3 Burst results for "Badger Rock"
"badger rock" Discussed on WORT 89.9 FM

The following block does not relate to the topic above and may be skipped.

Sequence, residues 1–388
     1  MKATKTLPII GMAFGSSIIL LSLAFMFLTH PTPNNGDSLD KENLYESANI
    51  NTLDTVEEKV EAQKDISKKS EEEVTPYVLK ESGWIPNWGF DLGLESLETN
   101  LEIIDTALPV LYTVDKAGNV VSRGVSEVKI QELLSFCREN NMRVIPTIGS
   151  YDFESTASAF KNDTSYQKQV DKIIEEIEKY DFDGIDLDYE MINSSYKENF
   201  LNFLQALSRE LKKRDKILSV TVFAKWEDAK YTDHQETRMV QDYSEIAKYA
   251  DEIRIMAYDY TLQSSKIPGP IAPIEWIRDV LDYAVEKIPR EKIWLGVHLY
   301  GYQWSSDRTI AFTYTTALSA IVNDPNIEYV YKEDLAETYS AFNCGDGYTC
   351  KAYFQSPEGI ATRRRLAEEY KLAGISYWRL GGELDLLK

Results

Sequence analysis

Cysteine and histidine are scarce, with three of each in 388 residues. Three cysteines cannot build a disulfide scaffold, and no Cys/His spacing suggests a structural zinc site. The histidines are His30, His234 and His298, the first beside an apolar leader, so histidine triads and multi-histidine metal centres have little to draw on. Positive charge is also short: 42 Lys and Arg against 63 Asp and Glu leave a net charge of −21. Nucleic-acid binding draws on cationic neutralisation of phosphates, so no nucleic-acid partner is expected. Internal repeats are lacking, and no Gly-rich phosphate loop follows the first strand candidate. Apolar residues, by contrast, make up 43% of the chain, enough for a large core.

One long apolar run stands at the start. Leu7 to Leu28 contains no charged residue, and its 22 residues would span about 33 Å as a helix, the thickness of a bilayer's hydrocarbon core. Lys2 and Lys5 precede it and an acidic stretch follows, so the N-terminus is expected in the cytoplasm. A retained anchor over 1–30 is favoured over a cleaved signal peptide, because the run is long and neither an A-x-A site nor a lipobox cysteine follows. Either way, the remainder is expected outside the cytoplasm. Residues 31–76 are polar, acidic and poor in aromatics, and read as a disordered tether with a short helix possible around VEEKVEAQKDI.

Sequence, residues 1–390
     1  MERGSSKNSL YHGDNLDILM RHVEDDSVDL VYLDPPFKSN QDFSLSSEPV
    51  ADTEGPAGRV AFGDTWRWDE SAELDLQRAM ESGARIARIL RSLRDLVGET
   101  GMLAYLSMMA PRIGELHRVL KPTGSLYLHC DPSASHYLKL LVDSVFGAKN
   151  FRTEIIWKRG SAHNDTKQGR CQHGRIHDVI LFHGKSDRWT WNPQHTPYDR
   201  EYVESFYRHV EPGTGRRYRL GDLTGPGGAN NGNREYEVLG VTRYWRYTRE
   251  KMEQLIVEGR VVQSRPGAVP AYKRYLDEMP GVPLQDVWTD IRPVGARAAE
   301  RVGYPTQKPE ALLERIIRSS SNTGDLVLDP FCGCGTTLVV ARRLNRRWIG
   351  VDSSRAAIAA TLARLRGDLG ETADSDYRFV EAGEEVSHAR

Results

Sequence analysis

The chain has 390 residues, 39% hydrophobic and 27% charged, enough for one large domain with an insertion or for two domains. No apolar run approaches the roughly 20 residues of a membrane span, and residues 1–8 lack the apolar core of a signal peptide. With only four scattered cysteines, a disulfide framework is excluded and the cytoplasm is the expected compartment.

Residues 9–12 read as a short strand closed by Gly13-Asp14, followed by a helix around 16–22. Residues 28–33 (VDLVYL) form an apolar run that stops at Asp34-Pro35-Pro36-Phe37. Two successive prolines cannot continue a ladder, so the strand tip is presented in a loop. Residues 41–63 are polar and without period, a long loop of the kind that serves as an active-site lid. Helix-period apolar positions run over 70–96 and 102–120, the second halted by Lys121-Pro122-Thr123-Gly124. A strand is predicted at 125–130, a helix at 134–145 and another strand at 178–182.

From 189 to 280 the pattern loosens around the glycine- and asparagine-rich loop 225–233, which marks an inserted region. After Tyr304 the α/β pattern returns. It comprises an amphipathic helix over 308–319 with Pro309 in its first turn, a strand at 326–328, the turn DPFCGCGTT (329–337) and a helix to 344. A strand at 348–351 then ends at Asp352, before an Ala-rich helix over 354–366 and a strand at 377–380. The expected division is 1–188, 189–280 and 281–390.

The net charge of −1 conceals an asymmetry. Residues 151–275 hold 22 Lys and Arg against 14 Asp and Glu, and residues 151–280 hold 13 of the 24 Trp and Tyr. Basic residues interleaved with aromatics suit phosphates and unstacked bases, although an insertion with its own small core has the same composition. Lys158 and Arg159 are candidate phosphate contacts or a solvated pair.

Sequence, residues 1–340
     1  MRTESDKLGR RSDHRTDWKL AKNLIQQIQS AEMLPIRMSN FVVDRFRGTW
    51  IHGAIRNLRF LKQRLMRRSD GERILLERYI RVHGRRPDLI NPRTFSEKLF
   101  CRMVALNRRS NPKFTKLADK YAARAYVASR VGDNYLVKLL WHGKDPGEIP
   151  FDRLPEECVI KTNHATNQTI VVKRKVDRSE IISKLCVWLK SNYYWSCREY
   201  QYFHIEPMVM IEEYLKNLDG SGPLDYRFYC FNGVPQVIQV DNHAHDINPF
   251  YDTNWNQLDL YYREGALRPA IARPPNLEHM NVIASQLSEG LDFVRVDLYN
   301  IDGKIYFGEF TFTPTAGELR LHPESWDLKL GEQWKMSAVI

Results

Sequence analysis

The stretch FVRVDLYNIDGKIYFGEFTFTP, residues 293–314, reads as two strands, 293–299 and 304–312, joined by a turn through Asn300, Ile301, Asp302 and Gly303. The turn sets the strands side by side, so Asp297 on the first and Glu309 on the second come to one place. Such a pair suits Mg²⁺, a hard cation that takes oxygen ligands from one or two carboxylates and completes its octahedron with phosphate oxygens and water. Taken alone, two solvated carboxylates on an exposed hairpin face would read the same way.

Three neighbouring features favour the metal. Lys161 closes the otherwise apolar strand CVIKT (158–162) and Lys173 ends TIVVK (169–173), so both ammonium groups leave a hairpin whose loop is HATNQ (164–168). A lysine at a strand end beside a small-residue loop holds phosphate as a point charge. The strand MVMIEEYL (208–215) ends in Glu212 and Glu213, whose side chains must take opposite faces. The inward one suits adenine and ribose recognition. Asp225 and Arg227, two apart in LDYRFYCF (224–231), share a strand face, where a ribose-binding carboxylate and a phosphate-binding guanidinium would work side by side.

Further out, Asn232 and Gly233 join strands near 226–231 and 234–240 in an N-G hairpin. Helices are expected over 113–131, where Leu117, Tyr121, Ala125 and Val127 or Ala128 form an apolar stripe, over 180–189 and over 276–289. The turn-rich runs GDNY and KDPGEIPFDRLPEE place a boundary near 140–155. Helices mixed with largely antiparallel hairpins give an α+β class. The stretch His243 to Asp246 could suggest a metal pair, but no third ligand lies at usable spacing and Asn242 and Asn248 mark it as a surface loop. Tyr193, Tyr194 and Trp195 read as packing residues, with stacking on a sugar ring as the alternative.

"You walk in there you can tell that just with the resources available like even just that front lobby you know you've got just all the staff in this era and then the card and and then the out you know the outside of it ample parking as well like I love is like O. okay you could park a band at school but you can see the garden you can see the resources inside a great cafeteria cooking area but it's also a great school right down the middle school federal badger rock middle school recently received a five year charter renewal so we got five years of of I hang in there with our kids yes yeah yeah major matriculation happen and I've been there I love that so well how do you think you think you are we gonna check out your event March nineteenth at the new new Madison college location good men location on Perry street yes all right you can't miss it right there and now starting at six o'clock but check out your website at Hedy lamarr fabric dot com Hey Laura but catty Lamar Pakistani Lamar photography check it out I'll try to post a few things on the her infinite variety up page I check her infinite variety out on all social media platforms I try to keep everybody up on the happenings and I let me give ya some vital information will get back as some tunes and hopefully in the meantime yellow call in six zero eight two five six two zero zero one calling as well thank you for being here we got your your event happening or our van this is all advances belongs to all of us on the fourteen Jay's gonna be there you go girl yes yes you will Jane thank you so much for all you do over rail yeah you're amazing and you show up I would like J. nears the Spain and then Spain's there is she's calling me like where you live I will buy one yes so and that's March fourteenth advice Mead hall located at eight forty nine east Washington is the fans for math bass that's.